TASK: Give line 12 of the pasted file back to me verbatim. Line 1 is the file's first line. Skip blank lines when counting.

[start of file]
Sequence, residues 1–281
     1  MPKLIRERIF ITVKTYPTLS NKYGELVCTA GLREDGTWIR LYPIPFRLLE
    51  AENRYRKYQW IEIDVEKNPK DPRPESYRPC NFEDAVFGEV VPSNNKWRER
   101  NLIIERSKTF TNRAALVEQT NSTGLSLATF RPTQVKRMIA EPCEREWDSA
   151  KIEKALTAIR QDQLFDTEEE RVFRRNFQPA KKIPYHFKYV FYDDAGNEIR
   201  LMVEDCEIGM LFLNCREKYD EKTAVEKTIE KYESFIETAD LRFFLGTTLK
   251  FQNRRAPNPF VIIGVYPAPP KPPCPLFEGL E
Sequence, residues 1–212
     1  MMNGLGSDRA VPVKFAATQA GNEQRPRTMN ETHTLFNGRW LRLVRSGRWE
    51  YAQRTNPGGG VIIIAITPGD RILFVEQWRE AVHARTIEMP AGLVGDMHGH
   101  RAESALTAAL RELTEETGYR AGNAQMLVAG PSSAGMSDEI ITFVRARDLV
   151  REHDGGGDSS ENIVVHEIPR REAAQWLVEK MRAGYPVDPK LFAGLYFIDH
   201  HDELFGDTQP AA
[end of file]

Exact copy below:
   151  REHDGGGDSS ENIVVHEIPR REAAQWLVEK MRAGYPVDPK LFAGLYFIDH